A member of the Muslim Brotherhood holds a Mursi mask during protests in Cairo on Friday. (Reuters)
Cairo, July 26: Egyptian state media reported today that former President Mohamed Mursi had been formally charged with espionage and ordered detained for 15 days, a move that seemed certain to further anger his supporters, as both pro- and anti-Mursi crowds turned out in vast demonstrations across Egypt.
Mursi’s supporters and opponents began flooding into the streets in mass duelling protests early today, as the military set up checkpoints throughout the city. In Tahrir Square here in Cairo, tens of thousands of flag-waving people cheered the military takeover, as helicopters flew low over the crowd and families posed for photographs with soldiers next to their armored vehicles.
Many in the crowd held up posters of Egypt’s defence minister, Gen. Abdul-Fattah el-Sisi, who ousted Mursi on July 3 and had called on Wednesday for demonstrations that he said would give him a “mandate” to fight terrorism.
At the same time, Mursi’s Islamist supporters marched along dozens of planned routes. At least one person was killed in the city of Alexandria, state media reported, and there were widespread fears of more confrontations and violence after a week of scattered clashes that left more than a dozen people dead.
Egypt’s military rulers have come under intensifying international pressure to release Mursi, who has been held incommunicado by the military since he was removed from power.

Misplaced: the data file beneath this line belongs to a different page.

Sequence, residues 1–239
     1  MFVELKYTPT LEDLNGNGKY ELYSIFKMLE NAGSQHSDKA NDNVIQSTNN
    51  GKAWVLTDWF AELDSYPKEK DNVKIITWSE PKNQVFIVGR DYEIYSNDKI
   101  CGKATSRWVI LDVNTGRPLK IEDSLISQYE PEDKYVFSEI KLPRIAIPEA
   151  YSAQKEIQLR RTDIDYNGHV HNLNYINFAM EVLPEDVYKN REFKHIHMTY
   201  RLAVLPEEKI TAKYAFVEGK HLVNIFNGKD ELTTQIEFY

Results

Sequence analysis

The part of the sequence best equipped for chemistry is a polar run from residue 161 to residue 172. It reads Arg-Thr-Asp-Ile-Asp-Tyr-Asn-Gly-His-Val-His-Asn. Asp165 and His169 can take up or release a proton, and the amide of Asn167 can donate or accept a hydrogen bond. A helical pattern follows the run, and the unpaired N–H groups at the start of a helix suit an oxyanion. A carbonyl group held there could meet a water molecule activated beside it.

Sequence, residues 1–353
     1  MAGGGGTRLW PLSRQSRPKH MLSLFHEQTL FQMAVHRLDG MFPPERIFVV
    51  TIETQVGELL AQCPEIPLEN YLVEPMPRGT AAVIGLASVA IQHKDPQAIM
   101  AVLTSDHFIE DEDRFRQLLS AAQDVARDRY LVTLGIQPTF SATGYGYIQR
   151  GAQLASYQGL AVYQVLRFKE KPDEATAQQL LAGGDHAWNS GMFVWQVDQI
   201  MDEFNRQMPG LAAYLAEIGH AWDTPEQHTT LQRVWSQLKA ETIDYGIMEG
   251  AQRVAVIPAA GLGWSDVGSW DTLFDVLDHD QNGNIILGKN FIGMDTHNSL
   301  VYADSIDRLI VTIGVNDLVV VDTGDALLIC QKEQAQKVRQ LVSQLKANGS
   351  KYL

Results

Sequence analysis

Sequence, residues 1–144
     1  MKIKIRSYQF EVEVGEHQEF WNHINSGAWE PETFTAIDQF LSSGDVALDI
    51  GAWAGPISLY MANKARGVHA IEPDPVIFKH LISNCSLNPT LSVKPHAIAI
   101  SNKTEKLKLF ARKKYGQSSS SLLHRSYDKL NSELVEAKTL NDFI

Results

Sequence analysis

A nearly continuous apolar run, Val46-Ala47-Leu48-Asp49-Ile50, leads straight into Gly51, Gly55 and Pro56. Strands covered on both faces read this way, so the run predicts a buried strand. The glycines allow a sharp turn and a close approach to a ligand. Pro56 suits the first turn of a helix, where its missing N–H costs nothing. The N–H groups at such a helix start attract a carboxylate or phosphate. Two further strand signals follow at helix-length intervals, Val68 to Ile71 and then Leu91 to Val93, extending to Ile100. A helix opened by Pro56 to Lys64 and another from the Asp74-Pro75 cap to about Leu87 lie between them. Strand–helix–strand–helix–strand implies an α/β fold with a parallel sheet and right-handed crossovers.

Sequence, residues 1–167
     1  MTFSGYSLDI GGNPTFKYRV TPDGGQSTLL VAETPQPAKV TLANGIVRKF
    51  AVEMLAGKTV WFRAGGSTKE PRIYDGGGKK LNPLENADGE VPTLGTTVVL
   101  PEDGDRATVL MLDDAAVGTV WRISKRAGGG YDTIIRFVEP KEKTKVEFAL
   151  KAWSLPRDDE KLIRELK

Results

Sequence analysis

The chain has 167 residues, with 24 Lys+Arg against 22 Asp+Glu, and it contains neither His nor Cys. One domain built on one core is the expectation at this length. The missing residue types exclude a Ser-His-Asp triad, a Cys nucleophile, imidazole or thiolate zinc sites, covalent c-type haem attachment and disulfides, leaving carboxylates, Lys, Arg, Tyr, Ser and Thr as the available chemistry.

Instead, an investigating judge ordered him imprisoned for 15 days on formal charges, according to a report this morning on the website of the flagship state newspaper, Al Ahram. The charges relate to Mursi’s escape in 2011 from the Wadi Natroun prison, where he was held for two days by the government of President Hosni Mubarak during the uprising against Mubarak’s rule.
The judge, Hassan Samir, said Mursi had conspired with Hamas — the Palestinian militant group that governs the Gaza Strip and is allied with Mursi’s movement, the Muslim Brotherhood — to escape from the prison. The report said Mursi and Hamas carried out “aggressive acts in the country”, attacked police establishments and killed and kidnapped police officers and soldiers.
After his escape, Mursi said in a television interview that he was among 30 members of the Muslim Brotherhood who were broken out of the prison by men they did not know.
During Mursi’s year as President, his opponents had repeatedly accused him of conspiring with Hamas, an offshoot of the Brotherhood. The Wadi Natroun case never gained any traction until Mursi was toppled and prosecutors began an investigation.
In a statement, Salah al-Bardawil, a spokesman for Hamas, denounced the charges and challenged Egyptian prosecutors to present evidence that the group had any involvement with the prison break.